Wednesday, March 24, 2010

Infused Herbal Oils

As promised, I will give very basic instructions on how to make an infused herbal oil. These are general guidelines-every herb may be different so do some research or feel free to contact me if you have questions.

If you are trying this for the first time, I strongly suggest you use dried herbs. If you want to gather herbs from the wild or your garden, then lay them out overnight to partially dry (called wilting). This helps to get rid of excess water which may cause mold to form. One exception to this rule is pictured above-St. John's Wort. This is one of the few plants where only fresh material will work. The hypericum diminishes pretty quickly. This is the active healing constituent of the plant and gives the oil its' blood red color.

As for as which oil to use. you want to pick the more stable oils with long shelf lives. Olive oil is usually used but you can also choose coconut oil, sunflower oil, jojoba oil. Fragile oils like grapeseed will not last very long but it would be a nice choice if you intend to use your oil quickly and want a very light, easily absorbed oil.

I use a clean, dry canning jar and fill it with the desired amount of herbs. For comfrey, calendula, and other gentle herbs I usually fill the jar 1/2-2/3 full. For Arnica I use 1 part herb to 5 parts oil-again do your homework on every herb because they are all different. Then I fill the jar to the top with oil. This time of year when it's warm and we have lots of sunlight, I like to set the jar out in the sun during the day and let nature do the work for me. I leave it in the sun for 2 weeks (bring it in the house at night). If I want a really strong oil I will strain out the herbs and infuse it with another fresh batch of herbs for 2 more weeks.

You can also use a double boiler in the house if you want an oil in less time. I use this method in the winter. The key here is to not let the oil get too hot. I make sure the water in the bottom of the double boiler doesn't boil but is at a gentle simmer and I use a kitchen thermometer to monitor the temp of the oil in the top. I like to keep it at about 110 degrees but no more than 120. I try to let it simmer for 45 minutes or an hour then I turn off the heat and move the pan to a cool burner, then I put the lid on the top and let it continue to infuse while it cools. You can always strain and reinfuse with fresh herbs but I think once is enough here.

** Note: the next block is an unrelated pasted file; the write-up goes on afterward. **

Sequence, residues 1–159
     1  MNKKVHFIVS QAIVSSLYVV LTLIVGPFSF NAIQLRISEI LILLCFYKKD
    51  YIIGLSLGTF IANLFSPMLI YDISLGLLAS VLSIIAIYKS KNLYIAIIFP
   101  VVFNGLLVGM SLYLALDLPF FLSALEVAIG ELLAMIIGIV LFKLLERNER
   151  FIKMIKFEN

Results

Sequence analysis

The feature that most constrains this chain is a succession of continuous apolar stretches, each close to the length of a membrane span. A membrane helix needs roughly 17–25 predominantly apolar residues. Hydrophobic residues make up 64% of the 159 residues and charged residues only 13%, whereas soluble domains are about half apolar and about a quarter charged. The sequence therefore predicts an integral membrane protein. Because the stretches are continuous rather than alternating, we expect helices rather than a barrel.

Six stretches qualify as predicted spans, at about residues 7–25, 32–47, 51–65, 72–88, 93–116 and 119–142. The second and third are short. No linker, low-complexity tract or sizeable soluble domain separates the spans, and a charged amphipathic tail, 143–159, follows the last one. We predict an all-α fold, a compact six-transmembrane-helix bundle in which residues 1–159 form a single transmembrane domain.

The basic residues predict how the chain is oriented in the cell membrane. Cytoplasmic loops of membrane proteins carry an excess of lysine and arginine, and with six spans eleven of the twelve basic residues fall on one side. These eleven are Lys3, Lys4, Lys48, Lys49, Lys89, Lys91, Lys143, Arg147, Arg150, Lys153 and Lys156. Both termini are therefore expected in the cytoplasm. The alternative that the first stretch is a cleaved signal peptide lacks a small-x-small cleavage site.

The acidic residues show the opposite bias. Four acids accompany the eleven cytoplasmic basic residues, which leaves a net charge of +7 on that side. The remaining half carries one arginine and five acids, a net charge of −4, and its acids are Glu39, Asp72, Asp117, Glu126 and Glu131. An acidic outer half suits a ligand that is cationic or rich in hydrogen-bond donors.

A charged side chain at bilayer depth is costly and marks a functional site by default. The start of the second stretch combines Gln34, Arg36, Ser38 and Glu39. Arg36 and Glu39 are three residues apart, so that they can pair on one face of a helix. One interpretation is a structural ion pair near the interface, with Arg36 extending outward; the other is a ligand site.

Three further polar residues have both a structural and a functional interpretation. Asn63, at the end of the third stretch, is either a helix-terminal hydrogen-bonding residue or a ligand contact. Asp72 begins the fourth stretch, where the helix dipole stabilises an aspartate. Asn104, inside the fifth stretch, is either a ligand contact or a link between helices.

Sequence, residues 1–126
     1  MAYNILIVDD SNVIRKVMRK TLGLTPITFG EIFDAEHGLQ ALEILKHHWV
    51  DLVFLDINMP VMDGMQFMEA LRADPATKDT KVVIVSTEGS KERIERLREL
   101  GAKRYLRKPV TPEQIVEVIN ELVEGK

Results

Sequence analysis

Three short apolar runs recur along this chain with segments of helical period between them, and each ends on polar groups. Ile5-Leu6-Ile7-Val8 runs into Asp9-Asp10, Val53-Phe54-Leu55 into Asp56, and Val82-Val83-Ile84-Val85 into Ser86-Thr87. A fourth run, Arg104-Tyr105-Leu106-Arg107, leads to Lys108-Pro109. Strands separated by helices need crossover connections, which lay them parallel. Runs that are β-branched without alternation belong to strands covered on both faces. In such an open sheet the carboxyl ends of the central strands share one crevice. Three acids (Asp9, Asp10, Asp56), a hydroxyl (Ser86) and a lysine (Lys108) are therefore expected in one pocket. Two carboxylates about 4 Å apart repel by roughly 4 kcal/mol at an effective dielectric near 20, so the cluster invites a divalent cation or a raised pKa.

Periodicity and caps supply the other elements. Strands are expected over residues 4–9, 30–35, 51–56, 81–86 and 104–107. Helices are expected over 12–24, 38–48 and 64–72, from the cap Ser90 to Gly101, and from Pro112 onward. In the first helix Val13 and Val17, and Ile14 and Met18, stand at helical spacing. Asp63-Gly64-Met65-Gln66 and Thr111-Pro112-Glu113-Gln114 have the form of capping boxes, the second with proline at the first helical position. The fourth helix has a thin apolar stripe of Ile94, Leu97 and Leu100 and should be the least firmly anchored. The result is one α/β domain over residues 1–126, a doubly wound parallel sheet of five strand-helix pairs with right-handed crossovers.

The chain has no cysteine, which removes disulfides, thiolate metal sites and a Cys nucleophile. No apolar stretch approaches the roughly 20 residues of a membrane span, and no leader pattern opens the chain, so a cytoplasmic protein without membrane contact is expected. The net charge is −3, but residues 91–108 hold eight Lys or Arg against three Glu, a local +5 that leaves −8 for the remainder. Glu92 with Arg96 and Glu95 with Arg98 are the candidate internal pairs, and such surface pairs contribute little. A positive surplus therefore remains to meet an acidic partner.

After my oil is infused and I am ready to bottle it I always double strain it. First I line a wire mesh kitchen strainer with layers of cheescloth and set over top a BIG measuring cup. I pour the herbs and iol into the strainer and let it drip until it won't drip any more. Then I line a funnel with muslin and pour the strained oil through the funnel into a clean amber or cobalt blue bottle. This gets the biggest chunks of herb out.

Make sure you label your bottles with the herb and date you made it. Store them in a cool dry place, away from direct sunlight and it will keep for about a year.

No comments: